Another U.S. Copyrights Office/Google conspiracy theory? There’s more than meets the eye, says the Wall Street Journal.
Several weeks ago, Digital Music News published a piece about Google’s (probable) involvement in the “removal” of Maria Pallante from the Copyrights Office. Of course, most posters were quick to dismiss the story and its “sources” as just baseless conspiracy theories.
However, maybe these claims weren’t as baseless as commenters stated. An opinion piece published by the Wall Street Journal published last Wednesday was quick to address these claims. Take a look.
“Most Americans think of Google as a search engine doing unalloyed social good, but the company also wants to make money and wield political influence along the way. So you don’t have to be a conspiracy theorist to notice that an abrupt change of leadership at the U.S. Copyright Office is good news for Google, which aims to pay less for profiting from the property of others.”
According to the piece, Maria Pallante was “reshuffled” to a new job in an advisory post for “digital strategy,” including expanding the digital library shop. Afterwards, in less than a week, she presented her resignation to Carla Hayden, the Librarian of Congress. Hayden was sworn in weeks before. Maybe there is more than just meets the eye.
Pallante strongly believed in defending the little guy, often siding with music and content creators in the digital media realm. According to WSJ, she also favored reorganizing the copyright office as “an independent agency.” Pallante’s re-shuffling was unprecedented, with no other removals noted in agency history.
Just prior to her “removal,” Pallante worked with Congress to review copyright laws. Hayden stipulated in a memo that Pallante’s new job didn’t include “any communications” to Congress. Pallante leaked that memo to the press.
The Wall Street Journal writes that circumstantial evidence exists that Google lobbied for Pallante’s dismissal.
“Google’s business model is essentially making money off other people’s content, and the company’s strategy has been to infringe on copyrighted material like books and fight it out later in court. The copyright office administers laws that protect owners.”
In one cited example, Pallante and her office opposed a Justice Department interpretation of licensing. The reason? The interpretation would’ve undercut collaborations. A Google “former outside counsel” moved over to the Justice Department and pushed for the interpretation. In court, Pallante and her office won.
In another example, Pallante opted for the FCC to review and thus, revise the set-top box rule. Creators weren’t happy with the rule, as they wouldn’t be paid for their work. Google would’ve benefited from the original rule, however, allowing the company and others to broadcast content without paying licensing fees. After listening to Pallante’s opinion, the FCC revised the rule.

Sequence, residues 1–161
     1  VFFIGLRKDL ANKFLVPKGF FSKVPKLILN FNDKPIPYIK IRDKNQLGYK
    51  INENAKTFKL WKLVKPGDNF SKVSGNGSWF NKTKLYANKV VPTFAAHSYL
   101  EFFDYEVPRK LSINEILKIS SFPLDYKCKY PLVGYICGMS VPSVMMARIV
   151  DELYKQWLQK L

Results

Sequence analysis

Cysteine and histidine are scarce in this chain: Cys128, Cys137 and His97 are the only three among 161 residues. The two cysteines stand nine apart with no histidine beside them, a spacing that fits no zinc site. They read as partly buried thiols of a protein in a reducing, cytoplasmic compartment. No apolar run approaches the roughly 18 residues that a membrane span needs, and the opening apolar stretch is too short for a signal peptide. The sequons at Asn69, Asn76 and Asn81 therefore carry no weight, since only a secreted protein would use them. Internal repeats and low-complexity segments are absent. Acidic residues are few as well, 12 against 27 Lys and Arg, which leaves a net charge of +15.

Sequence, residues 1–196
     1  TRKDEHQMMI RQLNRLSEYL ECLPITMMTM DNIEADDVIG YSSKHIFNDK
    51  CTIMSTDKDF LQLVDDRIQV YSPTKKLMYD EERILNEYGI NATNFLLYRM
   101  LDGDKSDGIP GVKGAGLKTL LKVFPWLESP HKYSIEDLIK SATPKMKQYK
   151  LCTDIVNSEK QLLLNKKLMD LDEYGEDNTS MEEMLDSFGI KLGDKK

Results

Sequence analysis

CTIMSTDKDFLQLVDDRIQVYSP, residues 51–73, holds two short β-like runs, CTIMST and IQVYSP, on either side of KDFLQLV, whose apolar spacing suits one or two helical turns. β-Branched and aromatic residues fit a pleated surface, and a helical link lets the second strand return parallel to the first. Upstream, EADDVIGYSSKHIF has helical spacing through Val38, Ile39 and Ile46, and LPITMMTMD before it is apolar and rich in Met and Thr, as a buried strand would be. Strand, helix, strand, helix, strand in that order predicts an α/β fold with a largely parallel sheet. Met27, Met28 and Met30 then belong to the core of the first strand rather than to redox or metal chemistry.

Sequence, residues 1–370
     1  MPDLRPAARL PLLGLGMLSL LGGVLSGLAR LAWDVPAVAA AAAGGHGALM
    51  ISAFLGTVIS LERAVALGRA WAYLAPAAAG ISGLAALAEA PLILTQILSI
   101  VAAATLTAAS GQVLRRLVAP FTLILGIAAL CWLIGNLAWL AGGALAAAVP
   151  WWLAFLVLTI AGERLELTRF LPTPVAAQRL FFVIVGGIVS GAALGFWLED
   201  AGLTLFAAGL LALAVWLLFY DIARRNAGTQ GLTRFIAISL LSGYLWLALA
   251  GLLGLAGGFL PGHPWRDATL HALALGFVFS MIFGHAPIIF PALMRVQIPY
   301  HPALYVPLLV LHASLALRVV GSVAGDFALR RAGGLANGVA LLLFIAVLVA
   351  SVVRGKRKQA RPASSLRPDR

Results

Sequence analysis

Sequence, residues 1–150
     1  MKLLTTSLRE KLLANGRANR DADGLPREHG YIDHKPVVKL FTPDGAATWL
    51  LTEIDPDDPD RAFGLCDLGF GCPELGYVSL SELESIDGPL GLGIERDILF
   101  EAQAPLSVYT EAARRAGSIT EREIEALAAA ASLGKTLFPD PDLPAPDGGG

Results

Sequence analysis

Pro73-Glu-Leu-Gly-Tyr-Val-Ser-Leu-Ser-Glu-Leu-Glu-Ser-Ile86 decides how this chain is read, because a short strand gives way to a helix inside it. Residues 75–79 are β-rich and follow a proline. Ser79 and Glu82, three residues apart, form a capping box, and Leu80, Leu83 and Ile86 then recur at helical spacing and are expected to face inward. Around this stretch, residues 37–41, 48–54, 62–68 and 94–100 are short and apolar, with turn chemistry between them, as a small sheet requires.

Google was unhappy. They expressed their rage through (puppet) Public Knowledge. (Why puppet? They often support Google in paying less for content. Google chips in over $25,000 a year, making them a “platinum” supporter.) After the FCC sided with Pallante, they released a report claiming “systematic bias at the U.S. copyright office.” The report went on to single out Pallante for focusing on copyright enforcement instead of re-writing it. Public Knowledge was among the first to tweet the news of Pallante’s dismissal.
Prior to her appointment as Librarian of Congress, Hayden ran the American Library Association. The ALA, according to WSJ, “takes a permissive view of copyright law and accepts money from, you guessed it, Google.”
The Wall Street Journal also insinuates that Hayden is looking to appoint Pallante’s successor. However, she may appoint someone more favorable to Google. The piece states,
“Ms. Hayden is now looking for a copyright office successor, and don’t be surprised if she chooses someone whose experience includes time at Google. This is reason enough for Congress to take a look: If the position is open to political influence, then the register should be politically accountable—and report to elected officials, not the nation’s librarian.”
However, the WSJ won’t go into full-on conspiracy theory mode. They write Pallante’s dismissal is probably something as simple as a “botched personal dispute.” Despite the real reason for Pallante’s dismissal, there’s still reason to worry, however.